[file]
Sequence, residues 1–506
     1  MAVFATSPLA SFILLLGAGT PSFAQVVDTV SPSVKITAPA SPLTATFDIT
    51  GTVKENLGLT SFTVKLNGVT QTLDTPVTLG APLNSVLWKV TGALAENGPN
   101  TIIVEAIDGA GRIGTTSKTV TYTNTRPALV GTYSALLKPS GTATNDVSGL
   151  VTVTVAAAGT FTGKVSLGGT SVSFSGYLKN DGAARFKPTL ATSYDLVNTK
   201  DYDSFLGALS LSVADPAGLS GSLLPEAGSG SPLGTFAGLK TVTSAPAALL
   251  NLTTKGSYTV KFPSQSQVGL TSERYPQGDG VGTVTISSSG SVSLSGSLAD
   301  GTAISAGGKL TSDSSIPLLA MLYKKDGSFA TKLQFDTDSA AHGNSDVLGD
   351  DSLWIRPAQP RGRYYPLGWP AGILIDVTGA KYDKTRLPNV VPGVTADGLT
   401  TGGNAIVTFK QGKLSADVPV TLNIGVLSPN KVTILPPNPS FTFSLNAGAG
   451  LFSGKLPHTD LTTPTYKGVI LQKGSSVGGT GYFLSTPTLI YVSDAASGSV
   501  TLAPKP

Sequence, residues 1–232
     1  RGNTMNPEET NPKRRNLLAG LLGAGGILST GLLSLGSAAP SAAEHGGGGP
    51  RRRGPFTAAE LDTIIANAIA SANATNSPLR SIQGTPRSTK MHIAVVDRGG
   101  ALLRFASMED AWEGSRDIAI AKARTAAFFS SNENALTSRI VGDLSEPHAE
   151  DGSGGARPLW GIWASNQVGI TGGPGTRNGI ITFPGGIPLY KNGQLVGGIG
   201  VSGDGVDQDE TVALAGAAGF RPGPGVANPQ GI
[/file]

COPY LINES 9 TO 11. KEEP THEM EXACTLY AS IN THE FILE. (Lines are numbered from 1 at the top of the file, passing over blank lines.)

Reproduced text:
   351  DSLWIRPAQP RGRYYPLGWP AGILIDVTGA KYDKTRLPNV VPGVTADGLT
   401  TGGNAIVTFK QGKLSADVPV TLNIGVLSPN KVTILPPNPS FTFSLNAGAG
   451  LFSGKLPHTD LTTPTYKGVI LQKGSSVGGT GYFLSTPTLI YVSDAASGSV